For most of us, it would be receiving that phone call telling us that our child is having a medical emergency. It might be a car accident, or some other health crisis, but as soon as we are notified we want to rush into action to help them.  No matter how old they are, they will always be our child, even if they are now an adult.

It used to be that when a child turned 21, he would receive a key to the front-door of the family home, in a rite-of-passage symbolising and acknowledging their transition from child to adult.

With the faster pace of life, and changing societal expectations, the legal age-of-majority is now18.

Did you know that if your children are aged 18 or older, even if they are still living at home with you, then you are no longer able to make their medical decisions for them? In fact, you have no right to speak with their doctor or nurses or see their medical records.

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Benefits of a Discretionary Trust

Benefits of a Discretionary Trust

Discretionary trusts are flexible estate planning tools that can offer you many advantages, some of which include:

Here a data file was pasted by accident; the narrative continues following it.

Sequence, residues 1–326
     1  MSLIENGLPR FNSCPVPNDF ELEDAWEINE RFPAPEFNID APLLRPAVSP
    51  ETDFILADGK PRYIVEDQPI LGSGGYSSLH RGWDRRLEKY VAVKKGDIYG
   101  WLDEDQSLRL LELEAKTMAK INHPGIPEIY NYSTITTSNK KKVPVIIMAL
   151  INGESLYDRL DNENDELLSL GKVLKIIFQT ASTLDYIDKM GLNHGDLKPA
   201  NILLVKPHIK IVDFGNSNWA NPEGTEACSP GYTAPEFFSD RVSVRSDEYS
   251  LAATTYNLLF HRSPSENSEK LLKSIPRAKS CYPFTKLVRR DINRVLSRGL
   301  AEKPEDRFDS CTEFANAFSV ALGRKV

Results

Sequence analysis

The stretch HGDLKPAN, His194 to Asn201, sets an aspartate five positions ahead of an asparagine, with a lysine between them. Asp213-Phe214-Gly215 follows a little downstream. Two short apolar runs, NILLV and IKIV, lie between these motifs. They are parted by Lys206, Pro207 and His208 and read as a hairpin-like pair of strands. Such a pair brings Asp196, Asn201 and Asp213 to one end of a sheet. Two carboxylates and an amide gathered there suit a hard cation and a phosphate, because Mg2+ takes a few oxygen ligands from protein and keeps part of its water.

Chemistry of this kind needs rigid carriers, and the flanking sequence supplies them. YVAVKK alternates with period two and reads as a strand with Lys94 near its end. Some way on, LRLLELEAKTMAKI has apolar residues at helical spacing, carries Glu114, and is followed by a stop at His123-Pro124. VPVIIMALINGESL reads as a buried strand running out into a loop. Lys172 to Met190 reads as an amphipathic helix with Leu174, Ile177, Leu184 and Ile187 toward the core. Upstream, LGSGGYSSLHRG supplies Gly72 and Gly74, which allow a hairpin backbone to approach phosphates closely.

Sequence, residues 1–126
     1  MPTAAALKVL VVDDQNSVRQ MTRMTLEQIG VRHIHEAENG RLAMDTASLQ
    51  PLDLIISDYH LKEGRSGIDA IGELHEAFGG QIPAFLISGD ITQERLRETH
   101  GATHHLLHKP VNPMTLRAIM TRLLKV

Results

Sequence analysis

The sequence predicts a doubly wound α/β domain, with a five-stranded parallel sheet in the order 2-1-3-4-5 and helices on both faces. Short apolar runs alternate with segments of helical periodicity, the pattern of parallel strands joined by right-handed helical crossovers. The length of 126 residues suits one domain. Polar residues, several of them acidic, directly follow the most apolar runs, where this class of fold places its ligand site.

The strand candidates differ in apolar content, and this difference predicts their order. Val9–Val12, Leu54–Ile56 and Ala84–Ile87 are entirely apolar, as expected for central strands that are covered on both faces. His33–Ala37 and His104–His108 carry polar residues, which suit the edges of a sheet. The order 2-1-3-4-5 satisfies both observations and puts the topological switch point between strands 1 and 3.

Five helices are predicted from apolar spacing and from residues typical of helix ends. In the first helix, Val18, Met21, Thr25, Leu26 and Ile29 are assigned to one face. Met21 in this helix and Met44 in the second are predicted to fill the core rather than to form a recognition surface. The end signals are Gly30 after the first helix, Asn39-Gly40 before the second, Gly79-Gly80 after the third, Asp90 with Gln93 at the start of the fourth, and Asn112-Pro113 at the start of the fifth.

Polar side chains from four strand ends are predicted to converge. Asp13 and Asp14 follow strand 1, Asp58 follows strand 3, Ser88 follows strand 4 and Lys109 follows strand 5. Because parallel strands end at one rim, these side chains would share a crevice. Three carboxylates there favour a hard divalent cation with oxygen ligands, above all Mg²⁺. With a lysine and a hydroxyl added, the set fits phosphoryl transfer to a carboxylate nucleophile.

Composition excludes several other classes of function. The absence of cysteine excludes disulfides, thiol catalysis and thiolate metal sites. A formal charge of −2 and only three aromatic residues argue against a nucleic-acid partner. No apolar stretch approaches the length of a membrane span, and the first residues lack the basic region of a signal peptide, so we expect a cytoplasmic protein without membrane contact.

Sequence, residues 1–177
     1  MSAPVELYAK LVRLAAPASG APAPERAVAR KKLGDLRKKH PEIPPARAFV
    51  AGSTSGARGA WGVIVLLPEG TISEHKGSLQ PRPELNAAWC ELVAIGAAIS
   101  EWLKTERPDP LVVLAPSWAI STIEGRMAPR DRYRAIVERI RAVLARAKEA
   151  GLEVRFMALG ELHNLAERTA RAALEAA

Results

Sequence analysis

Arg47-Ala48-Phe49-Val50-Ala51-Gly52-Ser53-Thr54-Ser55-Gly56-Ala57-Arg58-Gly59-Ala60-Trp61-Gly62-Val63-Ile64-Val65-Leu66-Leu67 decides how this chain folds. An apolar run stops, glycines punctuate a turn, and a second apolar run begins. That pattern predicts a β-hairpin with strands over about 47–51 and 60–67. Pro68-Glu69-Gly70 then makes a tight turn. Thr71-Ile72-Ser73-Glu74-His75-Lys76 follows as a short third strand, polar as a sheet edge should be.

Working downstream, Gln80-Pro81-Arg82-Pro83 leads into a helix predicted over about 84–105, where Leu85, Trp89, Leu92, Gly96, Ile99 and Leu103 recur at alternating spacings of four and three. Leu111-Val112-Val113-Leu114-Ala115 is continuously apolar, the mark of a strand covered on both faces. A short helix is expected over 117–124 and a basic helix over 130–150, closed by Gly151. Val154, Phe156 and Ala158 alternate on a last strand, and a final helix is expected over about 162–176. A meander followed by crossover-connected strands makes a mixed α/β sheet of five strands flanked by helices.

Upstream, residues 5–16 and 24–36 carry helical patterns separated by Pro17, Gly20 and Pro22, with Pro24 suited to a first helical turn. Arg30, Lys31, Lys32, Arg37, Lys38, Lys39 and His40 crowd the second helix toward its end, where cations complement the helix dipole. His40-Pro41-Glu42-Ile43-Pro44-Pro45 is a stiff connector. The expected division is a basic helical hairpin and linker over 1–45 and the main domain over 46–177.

1. Revocable. Because the needs of family members may change over time, a discretionary trust normally allows you to modify trust provisions or change the beneficiaries.

2. Private. A discretionary trust may avoid or reduce the costs and delays of Probate – which is the Court process that oversees the administration of your estate. Because a discretionary trust is not subject to public scrutiny, your beneficiaries and the specific amounts or percentages they receive remain confidential.

3. Continuous. Assets put in a discretionary trust stay under the control of the trustee, until you choose differently. When the trust is established, you can name a successor trustee who will carry on financial responsibilities in the event of your incapacity or death.

4. Flexible. You may add other assets to the trust during your life. The discretionary trust can be especially useful if you own real estate in another state by eliminating the need to have a separate probate proceeding in the other state.

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Wills and Estate Planning Adelaide: Wills, Trusts and Estate Planning for New and Young Parents

Wills, Trusts and Estate Planning for New and Young Parents

New and young parents often mistakenly consider that have too few assets to bother with creating an estate plan.

They probably have a home with just a small amount of equity, and hopefully they have decent jobs, and reasonable prospects for advancement.

Most of us have superannuation, and many super funds carry life insurance.  In dollar terms, it is not uncommon for young people to be worth more dead than alive.

When considering estate planning they should think about naming a guardian for their children and to make sure their money goes to the kids.